This upland is an excellent example of heather
moorland of a predominantly dry type, but with interesting
ecological transitions into a range of other upland vegetation
types, including seasonal pools containing the rare fern pillwort.
It has one of the largest red grouse populations in Wales and is
actively managed for grouse. The other upland bird populations are
also of some interest.
Managing this site
The majority of the site is common land in private ownership.
The special features of this SSSI and CCW’s views about site
management have been summarised in a Site Management Statement,
addressed to the owners and managers of the land. The statement can
be found in the resource section below.
The majority of the site is designated CROW open access land.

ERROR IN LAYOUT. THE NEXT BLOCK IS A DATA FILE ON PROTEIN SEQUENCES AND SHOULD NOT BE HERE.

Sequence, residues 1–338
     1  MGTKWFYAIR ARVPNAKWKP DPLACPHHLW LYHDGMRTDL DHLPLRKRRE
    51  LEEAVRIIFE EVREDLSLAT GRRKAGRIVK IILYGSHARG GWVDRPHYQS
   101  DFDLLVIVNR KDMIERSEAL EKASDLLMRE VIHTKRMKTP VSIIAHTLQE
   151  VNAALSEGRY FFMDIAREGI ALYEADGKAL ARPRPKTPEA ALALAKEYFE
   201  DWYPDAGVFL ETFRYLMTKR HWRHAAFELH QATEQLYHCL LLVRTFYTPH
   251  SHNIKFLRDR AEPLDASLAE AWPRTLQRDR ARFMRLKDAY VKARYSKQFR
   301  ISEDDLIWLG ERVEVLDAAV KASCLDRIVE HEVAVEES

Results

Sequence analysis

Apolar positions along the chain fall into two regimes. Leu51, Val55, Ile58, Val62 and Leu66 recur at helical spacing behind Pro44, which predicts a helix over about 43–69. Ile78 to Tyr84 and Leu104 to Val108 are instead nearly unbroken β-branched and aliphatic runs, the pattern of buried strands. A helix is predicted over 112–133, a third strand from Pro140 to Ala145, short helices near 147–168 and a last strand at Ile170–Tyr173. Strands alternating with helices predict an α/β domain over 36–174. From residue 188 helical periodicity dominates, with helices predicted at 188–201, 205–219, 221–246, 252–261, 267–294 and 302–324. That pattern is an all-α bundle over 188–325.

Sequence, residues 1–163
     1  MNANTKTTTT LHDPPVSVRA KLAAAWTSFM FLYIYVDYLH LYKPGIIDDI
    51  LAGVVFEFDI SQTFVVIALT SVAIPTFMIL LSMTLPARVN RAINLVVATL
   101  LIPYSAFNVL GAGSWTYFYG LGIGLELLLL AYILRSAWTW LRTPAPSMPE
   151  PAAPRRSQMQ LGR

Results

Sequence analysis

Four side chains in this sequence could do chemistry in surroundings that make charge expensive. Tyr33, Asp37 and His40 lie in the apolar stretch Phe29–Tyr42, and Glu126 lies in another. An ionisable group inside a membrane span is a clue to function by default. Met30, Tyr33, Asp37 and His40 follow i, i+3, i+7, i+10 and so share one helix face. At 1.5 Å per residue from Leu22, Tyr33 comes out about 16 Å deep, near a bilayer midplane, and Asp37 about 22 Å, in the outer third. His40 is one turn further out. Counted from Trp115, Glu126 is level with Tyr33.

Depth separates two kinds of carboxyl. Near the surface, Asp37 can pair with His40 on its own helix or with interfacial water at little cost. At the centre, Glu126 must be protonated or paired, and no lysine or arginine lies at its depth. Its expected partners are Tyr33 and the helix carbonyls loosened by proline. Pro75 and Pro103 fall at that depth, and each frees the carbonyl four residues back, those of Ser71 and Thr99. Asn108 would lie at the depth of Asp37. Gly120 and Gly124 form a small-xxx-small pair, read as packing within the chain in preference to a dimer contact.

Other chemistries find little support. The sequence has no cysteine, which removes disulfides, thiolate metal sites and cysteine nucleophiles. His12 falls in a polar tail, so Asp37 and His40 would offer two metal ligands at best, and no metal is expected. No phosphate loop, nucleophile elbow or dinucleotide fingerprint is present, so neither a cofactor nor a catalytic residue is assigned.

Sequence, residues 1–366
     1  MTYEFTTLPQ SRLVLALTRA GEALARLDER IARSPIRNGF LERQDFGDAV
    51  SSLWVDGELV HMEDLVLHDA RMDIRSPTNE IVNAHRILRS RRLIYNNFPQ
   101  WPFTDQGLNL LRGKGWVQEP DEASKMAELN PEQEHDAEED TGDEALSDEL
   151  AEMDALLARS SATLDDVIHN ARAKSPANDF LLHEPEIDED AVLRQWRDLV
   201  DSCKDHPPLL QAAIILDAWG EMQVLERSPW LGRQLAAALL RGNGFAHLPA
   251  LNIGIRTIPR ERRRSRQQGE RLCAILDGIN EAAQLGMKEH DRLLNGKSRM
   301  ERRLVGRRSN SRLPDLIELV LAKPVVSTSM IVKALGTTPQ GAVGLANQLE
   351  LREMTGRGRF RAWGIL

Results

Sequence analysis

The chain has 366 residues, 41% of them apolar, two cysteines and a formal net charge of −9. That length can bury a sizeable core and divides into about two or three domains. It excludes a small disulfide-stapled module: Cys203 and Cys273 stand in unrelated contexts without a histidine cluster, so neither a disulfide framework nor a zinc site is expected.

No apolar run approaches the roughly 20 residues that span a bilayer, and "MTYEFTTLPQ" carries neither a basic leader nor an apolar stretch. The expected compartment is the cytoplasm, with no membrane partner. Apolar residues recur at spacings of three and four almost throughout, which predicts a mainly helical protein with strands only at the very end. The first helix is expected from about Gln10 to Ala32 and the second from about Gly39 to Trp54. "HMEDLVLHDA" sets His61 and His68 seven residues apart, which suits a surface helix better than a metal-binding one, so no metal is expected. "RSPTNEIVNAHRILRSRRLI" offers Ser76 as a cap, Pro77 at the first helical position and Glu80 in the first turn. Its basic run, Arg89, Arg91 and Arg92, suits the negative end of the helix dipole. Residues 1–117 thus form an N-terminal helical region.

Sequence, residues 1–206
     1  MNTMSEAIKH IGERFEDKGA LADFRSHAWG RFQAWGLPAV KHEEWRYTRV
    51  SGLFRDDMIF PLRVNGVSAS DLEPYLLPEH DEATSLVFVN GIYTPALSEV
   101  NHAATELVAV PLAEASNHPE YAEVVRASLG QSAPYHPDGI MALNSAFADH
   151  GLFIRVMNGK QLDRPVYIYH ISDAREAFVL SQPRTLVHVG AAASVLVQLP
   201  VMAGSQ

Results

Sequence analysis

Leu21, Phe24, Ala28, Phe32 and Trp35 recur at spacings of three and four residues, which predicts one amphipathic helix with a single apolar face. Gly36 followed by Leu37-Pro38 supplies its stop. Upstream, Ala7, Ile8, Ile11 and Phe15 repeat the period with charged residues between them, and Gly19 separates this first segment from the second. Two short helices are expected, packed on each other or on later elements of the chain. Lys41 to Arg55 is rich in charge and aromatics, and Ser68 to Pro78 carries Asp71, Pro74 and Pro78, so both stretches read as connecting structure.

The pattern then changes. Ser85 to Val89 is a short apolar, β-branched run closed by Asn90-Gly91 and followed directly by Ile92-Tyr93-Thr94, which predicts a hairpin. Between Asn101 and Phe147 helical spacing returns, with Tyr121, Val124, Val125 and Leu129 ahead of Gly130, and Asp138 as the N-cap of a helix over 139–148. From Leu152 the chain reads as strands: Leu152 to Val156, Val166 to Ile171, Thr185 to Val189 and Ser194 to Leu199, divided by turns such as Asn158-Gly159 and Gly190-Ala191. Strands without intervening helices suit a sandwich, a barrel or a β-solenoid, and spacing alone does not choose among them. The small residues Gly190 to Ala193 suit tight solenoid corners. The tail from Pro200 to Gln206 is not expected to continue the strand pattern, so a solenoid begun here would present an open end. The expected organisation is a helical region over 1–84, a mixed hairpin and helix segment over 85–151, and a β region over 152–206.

There are also numerous public rights of way crossing the area. For
detailed maps and information regarding access visit our access map
via the resource section below.
Much of the land lies within the parishes of Glascwm and
Gladestry, after which the two largest hills are named. Glascwm
means ‘green valley’ with glas ‘blue, green’ and cwm ‘hollow, deep
narrow valley, valley’. Gladestry may mean ‘Claud’s tree’. The
personal name (Claud or Glaud) is unrecorded; the second element is
probably Old English treow ‘tree, cross’ and frequently occurs with
a personal name to denote a meeting-place. The Welsh name is
Llanfair Llythynwg and means ‘church of Mary in Llythynwg’.